The crucial ingredients are a neighborhood-based healthcare center, which serves as the point of contact with individuals in need; food providers, which are typically a combination of local retail stores (for ease of access) and farmers markets (for more produce variety and a greater connection to where the food comes from); and a third entity that provides health and diet counseling and other services aimed it fostering the skills and habits of healthy eating.
For the Los Angeles FVRx program, a local organization called Groceryships, which describes itself as a “scholarship program” for healthy eating, provided a nutritional education course for a portion of the participants. Eisner also offered classes, which were required in order to receive the vouchers. The classes include cooking demonstrations, Spanish-language children’s cookbooks, field trips to the farmers market, and tour of the produce section at a nearby Target—“Target has more produce than most people think,” says Pon.
Becky Murphy, vice president of clinical services at Eisner, says the response has been overwhelming, with far more interest than the funding for the current seven-month program, which is set to expire this month, can provide.
“Our patients are thrilled with the program. We are already seeing that the participants are increasing the number of fruits and vegetables they’re eating every day and decreasing the amount of sugar in their diet. One of our clients went to the farmers market with her kids and let them pick out whatever fruit they wanted, and then they went home and made popsicles with each one of their fruits. So it’s a great way for the kids to try different things.”
At the end of the program, participants will be evaluated on their progress. In previous iterations of the FVRx program, Wholesome Wave found that 69 percent of participants increase fruit and vegetable consumption and 45 percent decreased their BMI. In addition, food security in participating households improved by 45 percent.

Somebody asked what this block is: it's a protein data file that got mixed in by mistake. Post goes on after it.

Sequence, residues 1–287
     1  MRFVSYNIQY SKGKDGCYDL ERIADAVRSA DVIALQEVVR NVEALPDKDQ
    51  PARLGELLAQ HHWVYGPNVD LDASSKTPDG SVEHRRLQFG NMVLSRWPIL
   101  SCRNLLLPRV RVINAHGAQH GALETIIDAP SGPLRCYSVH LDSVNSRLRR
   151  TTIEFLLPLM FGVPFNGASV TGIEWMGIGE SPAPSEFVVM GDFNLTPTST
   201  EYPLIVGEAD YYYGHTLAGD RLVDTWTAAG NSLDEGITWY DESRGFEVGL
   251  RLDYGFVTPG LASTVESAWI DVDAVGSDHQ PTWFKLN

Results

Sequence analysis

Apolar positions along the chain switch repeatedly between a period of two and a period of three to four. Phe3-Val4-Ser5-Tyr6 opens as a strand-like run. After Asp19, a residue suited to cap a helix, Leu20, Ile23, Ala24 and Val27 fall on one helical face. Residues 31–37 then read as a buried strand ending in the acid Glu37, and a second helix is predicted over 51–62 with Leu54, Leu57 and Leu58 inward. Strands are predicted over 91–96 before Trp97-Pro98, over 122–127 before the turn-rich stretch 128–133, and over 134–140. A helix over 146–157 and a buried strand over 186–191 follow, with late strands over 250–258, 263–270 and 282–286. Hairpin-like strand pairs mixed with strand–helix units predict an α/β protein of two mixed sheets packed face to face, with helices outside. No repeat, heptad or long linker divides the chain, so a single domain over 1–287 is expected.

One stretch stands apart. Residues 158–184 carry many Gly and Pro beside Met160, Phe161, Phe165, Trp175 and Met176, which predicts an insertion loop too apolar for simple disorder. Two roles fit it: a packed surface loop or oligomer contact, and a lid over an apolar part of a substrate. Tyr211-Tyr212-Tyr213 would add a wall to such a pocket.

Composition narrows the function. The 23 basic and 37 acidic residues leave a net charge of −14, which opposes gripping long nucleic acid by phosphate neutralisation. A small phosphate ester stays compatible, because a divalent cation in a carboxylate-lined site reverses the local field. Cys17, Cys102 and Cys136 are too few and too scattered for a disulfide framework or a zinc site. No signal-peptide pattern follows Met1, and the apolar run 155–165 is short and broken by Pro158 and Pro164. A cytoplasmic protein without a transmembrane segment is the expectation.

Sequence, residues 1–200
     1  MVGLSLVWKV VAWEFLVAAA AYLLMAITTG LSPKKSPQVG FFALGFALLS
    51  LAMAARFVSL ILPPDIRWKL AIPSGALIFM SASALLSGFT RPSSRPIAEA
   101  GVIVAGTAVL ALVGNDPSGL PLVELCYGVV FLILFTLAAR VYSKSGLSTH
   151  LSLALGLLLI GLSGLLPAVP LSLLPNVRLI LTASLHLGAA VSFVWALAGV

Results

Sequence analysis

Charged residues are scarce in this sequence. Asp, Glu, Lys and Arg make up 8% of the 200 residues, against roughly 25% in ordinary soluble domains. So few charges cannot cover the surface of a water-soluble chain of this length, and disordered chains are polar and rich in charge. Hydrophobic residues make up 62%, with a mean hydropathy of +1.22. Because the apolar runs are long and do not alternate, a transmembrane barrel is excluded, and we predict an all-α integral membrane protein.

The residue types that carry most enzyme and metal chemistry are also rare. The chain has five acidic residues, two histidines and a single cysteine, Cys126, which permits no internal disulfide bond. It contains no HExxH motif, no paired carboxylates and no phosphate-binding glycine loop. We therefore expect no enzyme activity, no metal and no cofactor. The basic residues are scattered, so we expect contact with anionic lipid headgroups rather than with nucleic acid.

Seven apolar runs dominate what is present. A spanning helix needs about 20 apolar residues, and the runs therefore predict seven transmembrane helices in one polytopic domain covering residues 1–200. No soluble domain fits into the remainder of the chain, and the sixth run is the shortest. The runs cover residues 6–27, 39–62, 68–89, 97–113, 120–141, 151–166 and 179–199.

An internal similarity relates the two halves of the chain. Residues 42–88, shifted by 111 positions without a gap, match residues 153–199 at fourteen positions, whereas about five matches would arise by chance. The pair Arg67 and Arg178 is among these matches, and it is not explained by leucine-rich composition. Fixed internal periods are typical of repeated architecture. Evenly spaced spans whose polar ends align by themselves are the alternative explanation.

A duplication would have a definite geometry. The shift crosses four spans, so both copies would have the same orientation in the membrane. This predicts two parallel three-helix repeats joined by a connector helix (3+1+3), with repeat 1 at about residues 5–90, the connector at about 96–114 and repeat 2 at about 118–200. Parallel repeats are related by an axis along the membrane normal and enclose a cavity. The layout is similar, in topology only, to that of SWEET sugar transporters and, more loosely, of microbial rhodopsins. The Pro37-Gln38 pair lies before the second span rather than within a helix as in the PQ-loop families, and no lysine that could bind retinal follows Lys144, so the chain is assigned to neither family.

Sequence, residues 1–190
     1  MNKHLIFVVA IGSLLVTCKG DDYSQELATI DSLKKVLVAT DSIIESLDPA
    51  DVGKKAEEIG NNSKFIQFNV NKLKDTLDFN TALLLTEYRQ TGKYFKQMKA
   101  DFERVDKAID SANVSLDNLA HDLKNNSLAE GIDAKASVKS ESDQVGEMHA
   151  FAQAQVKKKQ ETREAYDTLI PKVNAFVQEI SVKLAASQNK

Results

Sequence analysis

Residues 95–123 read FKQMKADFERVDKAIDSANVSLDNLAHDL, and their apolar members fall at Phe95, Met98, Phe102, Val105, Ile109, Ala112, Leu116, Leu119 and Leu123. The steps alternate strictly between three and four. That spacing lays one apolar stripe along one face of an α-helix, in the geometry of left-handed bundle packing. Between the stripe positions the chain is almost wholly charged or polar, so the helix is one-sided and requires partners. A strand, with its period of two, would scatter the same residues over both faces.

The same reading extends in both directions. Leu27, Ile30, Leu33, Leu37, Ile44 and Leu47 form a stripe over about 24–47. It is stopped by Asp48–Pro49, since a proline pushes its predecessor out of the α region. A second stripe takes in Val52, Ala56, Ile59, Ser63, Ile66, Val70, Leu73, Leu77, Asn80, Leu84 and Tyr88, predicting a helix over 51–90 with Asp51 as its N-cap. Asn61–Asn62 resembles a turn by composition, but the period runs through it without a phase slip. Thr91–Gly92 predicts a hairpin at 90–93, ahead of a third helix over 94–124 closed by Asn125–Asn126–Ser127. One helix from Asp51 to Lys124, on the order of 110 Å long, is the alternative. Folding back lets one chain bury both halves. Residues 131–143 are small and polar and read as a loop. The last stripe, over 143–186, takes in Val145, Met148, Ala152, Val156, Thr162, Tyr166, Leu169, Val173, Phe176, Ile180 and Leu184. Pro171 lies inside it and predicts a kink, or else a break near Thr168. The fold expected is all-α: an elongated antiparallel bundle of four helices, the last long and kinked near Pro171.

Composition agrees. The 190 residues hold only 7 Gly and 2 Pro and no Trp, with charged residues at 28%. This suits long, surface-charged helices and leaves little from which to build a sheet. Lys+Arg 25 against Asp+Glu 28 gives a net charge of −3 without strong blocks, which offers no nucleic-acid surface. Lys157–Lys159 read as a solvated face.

As of early December, the 544 participating families in Los Angeles had spent $150,000 worth of vouchers, half of that at local farmers markets, a significant boon to area farmers. It’s part of a larger $40 million commitment by Target to address the health needs of children and families across the country this year. The company estimates that more than 225,000 pounds of fresh fruits and vegetables will be purchased by the conclusion of the program.
Pon says Target’s involvement raises hopes that FVRx will soon expand nationwide. “One thing about having a major retailer like Target at the table as not only the funder but also a program partner, is that they were able to provide vouchers in the form a scannable card that works through their POS system, and is co-branded with the farmers markets, so they can redeem the vouchers there as well. The system was built to be replicated.”
While Target has not yet made a firm commitment to continue, Jennifer Silberman, the company’s director of corporate social responsibility, said in a statement emailed to Modern Farmer, that “we are excited to assess the results of this program and learn how best to replicate and scale it. We’re in the process of solidifying our 2017 strategies and look forward to sharing them in the future.”
If they follow through, FVRx may revolutionize fresh food access across the nation, and help to put a dent in that $500 billion medical bill.
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This article originally appeared on Modern Farmer.